• Access Review Certification for service accounts – Review permissions attached to privileged service accounts periodically. Keep track of all the changes in detail. Do access review at least a month for privileged accounts if possible.
  • Extensive Auditing – Keep informed about what activities privileged users perform with extensive logging and monitoring techniques. Logging and auditing are very important to keep service accounts secure. A PAM product with end-to-end service account usage logging capabilities can be very helpful in recovering quickly from cyber-attacks.
  • Educate your employees – Provide continuous education to your staff about any change in service account management policies, processes, and classifications. Everyone in the organization should know how to manage and use their service account credentials. Security is everyone’s responsibility and is most effective when everyone understands it.
  • Document service account management policies – Last but not least, make sure your policies and account classifications are well documented and approved by management. So, they can be clear and strictly enforced.

Conclusion

By implementing these recommended best practices and integrating them with comprehensive PAM solution, you should be able to place very robust security for your service accounts. Combining service account management as part of a broader category of Identity and Access Management (IAM) ensures automated control of user provisioning and de-provisioning along with best security practices to protect all identities and all types of accounts. Special attention to service account security can enhance all your cybersecurity efforts and help protect your organization in the most effective and efficient way possible. An efficient service account management solution enables you to keep cybercriminals away and enforcing good behavior from internal employees at risk of misusing their privileged service accounts.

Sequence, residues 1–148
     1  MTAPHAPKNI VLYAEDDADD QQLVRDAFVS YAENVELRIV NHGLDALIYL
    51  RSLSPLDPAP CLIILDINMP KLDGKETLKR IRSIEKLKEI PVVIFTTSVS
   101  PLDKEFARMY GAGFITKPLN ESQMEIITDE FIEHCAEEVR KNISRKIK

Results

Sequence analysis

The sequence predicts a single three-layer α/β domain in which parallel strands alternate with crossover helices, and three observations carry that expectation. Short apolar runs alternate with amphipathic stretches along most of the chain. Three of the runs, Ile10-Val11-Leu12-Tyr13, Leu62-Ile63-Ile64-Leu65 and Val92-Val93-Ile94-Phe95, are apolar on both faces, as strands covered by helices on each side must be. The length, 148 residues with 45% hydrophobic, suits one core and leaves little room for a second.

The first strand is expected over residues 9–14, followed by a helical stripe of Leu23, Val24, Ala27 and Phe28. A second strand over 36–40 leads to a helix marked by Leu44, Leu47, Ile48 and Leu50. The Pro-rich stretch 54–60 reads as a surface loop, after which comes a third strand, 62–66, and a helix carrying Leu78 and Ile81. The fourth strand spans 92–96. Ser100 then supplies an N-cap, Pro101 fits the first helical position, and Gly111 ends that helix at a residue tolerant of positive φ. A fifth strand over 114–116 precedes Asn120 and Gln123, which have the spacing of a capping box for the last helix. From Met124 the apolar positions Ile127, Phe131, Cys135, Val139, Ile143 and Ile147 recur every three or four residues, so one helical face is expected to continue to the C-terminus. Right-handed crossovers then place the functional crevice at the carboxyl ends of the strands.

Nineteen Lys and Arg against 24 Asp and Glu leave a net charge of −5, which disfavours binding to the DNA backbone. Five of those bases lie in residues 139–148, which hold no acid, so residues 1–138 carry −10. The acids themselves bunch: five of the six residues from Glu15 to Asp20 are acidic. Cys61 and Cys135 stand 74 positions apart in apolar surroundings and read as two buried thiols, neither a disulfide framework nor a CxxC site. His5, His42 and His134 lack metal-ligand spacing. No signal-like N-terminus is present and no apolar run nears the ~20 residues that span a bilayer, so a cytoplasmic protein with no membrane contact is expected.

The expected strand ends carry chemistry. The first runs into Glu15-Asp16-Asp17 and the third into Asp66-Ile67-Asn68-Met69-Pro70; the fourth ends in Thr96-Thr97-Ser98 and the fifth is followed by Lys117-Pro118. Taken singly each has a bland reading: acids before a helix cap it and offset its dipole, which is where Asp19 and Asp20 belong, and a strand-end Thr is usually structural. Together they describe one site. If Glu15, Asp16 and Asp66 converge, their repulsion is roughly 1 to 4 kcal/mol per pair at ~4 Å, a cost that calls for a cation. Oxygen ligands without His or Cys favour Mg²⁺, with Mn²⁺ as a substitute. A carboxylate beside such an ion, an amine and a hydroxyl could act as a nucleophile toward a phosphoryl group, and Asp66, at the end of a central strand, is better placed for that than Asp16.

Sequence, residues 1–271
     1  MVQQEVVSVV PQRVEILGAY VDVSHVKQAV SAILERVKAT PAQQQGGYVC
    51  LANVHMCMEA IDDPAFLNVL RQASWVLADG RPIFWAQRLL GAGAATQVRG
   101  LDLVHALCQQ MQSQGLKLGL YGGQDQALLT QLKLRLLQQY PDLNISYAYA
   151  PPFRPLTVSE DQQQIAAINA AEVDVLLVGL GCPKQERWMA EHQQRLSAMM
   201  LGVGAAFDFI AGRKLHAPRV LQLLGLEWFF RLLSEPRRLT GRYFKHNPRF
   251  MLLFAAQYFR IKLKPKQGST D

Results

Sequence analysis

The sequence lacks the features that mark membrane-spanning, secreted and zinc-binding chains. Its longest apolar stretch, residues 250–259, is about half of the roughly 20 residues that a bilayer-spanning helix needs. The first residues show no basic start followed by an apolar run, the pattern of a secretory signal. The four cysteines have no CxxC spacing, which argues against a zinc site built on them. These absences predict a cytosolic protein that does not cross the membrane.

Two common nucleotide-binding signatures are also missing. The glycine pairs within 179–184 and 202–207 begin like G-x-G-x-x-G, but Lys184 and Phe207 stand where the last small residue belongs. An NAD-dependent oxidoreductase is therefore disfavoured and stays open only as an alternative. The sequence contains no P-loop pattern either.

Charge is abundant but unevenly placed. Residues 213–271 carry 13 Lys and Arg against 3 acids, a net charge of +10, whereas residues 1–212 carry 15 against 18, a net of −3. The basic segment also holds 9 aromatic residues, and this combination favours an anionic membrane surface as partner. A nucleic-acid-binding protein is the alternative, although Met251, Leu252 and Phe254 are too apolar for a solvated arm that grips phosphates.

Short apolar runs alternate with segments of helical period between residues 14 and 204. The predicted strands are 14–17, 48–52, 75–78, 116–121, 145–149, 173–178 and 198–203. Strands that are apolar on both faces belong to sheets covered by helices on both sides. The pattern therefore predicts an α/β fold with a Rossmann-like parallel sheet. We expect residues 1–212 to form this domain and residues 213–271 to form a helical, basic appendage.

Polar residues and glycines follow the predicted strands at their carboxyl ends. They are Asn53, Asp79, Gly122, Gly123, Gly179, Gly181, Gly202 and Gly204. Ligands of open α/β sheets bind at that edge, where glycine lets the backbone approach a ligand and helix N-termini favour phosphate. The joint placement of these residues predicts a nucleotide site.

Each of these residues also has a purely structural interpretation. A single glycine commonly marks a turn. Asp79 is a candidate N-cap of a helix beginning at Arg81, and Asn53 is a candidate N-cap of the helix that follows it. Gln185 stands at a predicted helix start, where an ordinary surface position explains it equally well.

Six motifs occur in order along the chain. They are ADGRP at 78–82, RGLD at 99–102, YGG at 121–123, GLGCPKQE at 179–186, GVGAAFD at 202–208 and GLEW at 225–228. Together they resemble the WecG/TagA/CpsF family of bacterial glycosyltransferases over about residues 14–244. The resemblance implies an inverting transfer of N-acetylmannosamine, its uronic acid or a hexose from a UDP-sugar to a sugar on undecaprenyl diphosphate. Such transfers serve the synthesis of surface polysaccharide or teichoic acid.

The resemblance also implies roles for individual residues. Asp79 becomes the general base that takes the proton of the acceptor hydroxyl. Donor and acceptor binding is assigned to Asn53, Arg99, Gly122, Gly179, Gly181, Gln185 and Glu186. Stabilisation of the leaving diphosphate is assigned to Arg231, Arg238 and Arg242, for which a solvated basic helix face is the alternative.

About the Author

Bhavdip Rathod is an Identity and Access Management Solution Architect at Sailpoint Technologies, Inc. Bhavdip is an experienced cyber security technologist and architect with a specialization in Identity and Access Management (IAM). He is primarily responsible for providing innovative solutions to the companies in the field for their most complex challenges in the Identity and Management area to strengthen their security infrastructure and prevent potential cyber and data breaches.  He has a strong understanding and in-depth experience of Identity and Access Management (IAM) Frameworks and industry best practices. Bhavdip had served as an SME and Expert Advisor on the largest and most complex IAM Implementations for various retail, financial, healthcare and manufacturing organizations in the last 10 years. Bhavdip serves as an IAM Expert Advisor and speaker at various IAM user groups and conference events. Bhavdip holds a Master of Science degree with Commendation from University of Hertfordshire, United Kingdom (UK).